3. Denmark is considered to be one of the happiest nations in the world, but all of the Danes come off as very serious. At first I was very confused that such happy people could look so stern, but I am starting to slowly understand it now. Appearing to be a happy-go-lucky individual is no indicator of happiness. The Danes understand and are comfortable with the fact that you do not have to have a smile on your face at all times. During a scavenger hunt with my fourth floor friends, we were instructed to go up to as many Danish people as possible and ask them to take a picture with us. I gawked at the idea of going up to a complete stranger and asking them such a thing because in America, I think most of us would be weirded out if someone asked us a similar question. However, my group and I realized that every native we approached (even the ones who could win a straight-face contest against a Marine) was more than happy to take a picture with us, and most of them even went so far to have a conversation with us. Danes act the way that I wish people from my hometown would. They are more than happy to have a meaningful conversation with you, but they do not find trivial small talk to be worth their time.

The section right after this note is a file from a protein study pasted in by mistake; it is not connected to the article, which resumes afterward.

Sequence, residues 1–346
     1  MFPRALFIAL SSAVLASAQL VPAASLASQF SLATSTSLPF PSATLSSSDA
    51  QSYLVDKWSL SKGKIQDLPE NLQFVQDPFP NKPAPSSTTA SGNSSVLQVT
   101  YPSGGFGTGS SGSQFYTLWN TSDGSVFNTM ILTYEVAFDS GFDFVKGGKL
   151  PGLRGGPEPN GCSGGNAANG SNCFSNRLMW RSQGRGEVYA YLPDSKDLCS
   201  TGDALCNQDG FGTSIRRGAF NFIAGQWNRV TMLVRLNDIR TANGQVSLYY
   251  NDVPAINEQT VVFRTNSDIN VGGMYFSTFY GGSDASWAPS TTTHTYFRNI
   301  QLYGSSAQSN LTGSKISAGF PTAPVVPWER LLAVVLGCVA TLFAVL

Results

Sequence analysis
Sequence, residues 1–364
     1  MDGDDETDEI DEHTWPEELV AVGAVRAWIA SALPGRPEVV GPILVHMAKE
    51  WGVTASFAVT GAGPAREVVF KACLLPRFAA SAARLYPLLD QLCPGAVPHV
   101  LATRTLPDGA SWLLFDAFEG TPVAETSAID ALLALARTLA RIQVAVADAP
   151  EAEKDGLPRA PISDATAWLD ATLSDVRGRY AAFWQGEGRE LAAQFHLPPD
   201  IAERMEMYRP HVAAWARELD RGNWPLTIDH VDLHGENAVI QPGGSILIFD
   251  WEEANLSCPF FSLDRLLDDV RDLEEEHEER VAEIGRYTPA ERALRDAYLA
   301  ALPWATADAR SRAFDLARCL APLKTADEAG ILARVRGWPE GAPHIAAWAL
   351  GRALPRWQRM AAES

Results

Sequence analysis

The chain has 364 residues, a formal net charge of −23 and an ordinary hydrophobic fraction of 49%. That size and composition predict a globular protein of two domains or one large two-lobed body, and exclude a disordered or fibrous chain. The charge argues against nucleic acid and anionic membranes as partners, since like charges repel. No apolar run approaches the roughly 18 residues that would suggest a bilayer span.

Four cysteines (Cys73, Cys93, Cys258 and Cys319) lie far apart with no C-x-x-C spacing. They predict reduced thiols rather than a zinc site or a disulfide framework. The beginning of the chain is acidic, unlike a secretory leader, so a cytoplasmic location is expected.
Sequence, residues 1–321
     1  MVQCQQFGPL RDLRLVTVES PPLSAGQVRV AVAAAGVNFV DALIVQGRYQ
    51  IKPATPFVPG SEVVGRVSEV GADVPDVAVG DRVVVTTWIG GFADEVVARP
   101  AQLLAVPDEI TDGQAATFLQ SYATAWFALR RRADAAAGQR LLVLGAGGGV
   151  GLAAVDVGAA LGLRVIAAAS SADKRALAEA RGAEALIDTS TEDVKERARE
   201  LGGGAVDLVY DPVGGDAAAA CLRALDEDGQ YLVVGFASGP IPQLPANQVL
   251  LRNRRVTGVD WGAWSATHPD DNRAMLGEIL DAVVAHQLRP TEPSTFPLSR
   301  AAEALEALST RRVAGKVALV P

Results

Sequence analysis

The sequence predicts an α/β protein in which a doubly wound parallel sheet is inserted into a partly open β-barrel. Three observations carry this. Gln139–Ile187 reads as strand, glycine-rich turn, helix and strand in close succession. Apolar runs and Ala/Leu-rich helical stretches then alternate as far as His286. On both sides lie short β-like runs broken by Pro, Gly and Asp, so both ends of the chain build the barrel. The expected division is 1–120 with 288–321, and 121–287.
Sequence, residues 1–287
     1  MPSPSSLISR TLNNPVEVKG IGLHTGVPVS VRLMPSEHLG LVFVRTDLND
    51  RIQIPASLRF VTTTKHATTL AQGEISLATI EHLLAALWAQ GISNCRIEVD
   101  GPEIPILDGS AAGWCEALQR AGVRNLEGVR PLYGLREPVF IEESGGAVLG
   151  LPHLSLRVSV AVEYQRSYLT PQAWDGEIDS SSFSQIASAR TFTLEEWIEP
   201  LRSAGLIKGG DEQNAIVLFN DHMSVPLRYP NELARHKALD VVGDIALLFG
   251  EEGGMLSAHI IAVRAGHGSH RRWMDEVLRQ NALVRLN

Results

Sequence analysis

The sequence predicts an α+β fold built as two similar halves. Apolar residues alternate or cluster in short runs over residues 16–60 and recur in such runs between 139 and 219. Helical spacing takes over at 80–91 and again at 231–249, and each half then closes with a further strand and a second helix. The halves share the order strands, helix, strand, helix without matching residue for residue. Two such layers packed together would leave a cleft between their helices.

4. Now the next thing that I have noticed can apply to situations wherever you may be, but I think it is important to address. I know that everyone has a story to tell and that perception is not always reality, but there are some people that I just do not trust from the get-go. If you want to be friends with the type of person that greets you by saying “what’s up, bitch?”, be my guest. I am not saying that they are a lesser person for greeting you in a less than welcoming manner, but I am saying that it is important to think about whether or not your grandmother would approve of the people you associate yourself with.